Editorials

PSA screening for prostate cancer

BMJ 2014; 348 doi: https://doi.org/10.1136/bmj.g2559 (Published 15 April 2014) Cite this as: BMJ 2014;348:g2559
  1. Timothy J Wilt, professor of medicine and core investigator1,
  2. Philipp Dahm, professor of urology and residency programme director2
  1. 1Minneapolis Veterans Affairs Health Care System, General Internal Medicine and the Center for Chronic Disease Outcomes Research, 1 Veterans Drive (111-0), Minneapolis, MN 55417, USA, and Department of Medicine, University of Minnesota School of Medicine, Minneapolis, MN, USA
  2. 2Malcom Randall VA Medical Center, and Department of Urology, University of Florida, College of Medicine, Gainesville, FL, USA
  1. Correspondence to: T J Wilt tim.wilt{at}va.gov

Achieve more for patients and payers by doing less

Few healthcare issues have generated as much controversy as prostate specific antigen (PSA) based screening for prostate cancer.1 2 Enthusiasm for such screening is high in part because a seemingly simple blood test can lead to early detection and treatment of a common and potentially lethal disease. Screening has resulted in a noticeable increase in incidence of prostate cancer and near universal active treatment for screen detected disease. However, recent science shows that screening for prostate cancer, as with all screening strategies, is a complex process and double-edged sword. This provides the background for the linked paper by Carlsson and colleagues (doi:10.1136/bmj.g2296).3 Though some men may benefit from screening, many more are harmed by testing and the cascade of diagnostic and treatment related events that follow. Further, men and society bear the financial costs of this screening cascade.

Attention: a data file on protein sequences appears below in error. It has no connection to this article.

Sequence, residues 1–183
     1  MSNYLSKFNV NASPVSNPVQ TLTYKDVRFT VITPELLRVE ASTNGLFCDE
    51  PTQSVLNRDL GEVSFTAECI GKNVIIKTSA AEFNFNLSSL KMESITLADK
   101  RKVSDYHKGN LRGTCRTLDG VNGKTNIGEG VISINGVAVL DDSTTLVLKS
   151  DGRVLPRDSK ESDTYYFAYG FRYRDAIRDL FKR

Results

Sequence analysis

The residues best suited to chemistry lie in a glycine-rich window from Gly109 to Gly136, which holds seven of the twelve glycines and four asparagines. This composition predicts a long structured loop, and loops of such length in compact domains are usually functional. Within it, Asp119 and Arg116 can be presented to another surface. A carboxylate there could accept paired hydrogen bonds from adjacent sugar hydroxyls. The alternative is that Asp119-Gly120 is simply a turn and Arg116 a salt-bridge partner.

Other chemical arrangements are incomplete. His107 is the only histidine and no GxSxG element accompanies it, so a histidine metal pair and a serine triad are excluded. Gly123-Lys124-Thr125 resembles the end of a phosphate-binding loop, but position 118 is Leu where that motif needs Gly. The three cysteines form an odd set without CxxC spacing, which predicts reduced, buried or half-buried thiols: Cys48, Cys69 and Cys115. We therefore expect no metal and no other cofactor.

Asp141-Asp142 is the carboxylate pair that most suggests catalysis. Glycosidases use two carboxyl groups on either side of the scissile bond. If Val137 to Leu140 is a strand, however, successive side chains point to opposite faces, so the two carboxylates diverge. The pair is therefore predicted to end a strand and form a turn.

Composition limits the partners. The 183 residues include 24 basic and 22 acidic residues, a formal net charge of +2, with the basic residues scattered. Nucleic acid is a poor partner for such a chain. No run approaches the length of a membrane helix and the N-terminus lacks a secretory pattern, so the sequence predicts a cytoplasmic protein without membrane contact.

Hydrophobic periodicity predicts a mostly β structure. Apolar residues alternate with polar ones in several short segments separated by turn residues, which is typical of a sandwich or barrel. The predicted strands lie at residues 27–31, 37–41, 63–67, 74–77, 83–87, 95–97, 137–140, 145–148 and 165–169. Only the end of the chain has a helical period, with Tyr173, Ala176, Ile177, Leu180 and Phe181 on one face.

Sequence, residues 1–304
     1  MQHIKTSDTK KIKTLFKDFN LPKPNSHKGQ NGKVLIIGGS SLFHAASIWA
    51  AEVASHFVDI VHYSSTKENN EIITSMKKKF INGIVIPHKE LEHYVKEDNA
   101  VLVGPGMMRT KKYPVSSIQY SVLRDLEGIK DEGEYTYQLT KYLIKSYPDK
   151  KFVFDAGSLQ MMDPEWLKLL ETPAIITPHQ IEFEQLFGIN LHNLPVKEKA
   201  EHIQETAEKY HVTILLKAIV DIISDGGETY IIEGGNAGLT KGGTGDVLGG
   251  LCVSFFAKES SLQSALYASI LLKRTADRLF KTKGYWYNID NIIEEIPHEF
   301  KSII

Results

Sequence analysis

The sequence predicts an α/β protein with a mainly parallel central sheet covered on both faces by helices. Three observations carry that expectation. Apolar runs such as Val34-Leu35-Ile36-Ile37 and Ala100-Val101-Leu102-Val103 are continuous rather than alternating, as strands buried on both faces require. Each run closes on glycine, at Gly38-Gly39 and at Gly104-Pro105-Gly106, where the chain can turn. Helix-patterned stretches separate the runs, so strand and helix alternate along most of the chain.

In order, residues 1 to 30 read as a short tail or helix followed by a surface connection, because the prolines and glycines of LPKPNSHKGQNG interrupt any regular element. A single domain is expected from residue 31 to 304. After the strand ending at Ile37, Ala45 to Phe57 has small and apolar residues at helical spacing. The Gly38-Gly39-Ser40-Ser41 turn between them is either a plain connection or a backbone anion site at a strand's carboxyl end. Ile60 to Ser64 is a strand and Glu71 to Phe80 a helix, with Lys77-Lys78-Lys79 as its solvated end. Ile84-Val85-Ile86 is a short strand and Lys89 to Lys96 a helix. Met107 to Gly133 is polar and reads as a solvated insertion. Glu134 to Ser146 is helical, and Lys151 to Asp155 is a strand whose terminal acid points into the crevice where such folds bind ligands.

Rising healthcare costs and evidence that a large portion of healthcare is ineffective, unnecessary, costly, and potentially harmful require a re-evaluation of how better healthcare can be provided at lower costs—that is, how value can be improved. Screening strategies that yield similar benefits with fewer harms or lower costs provide better value; strategies that produce no benefit or where benefits do not justify harms or costs provide poor value. The value of effective screening tests can be modified by “screening intensity”—that is, by adjusting the population screened, the frequency of screening, or the …

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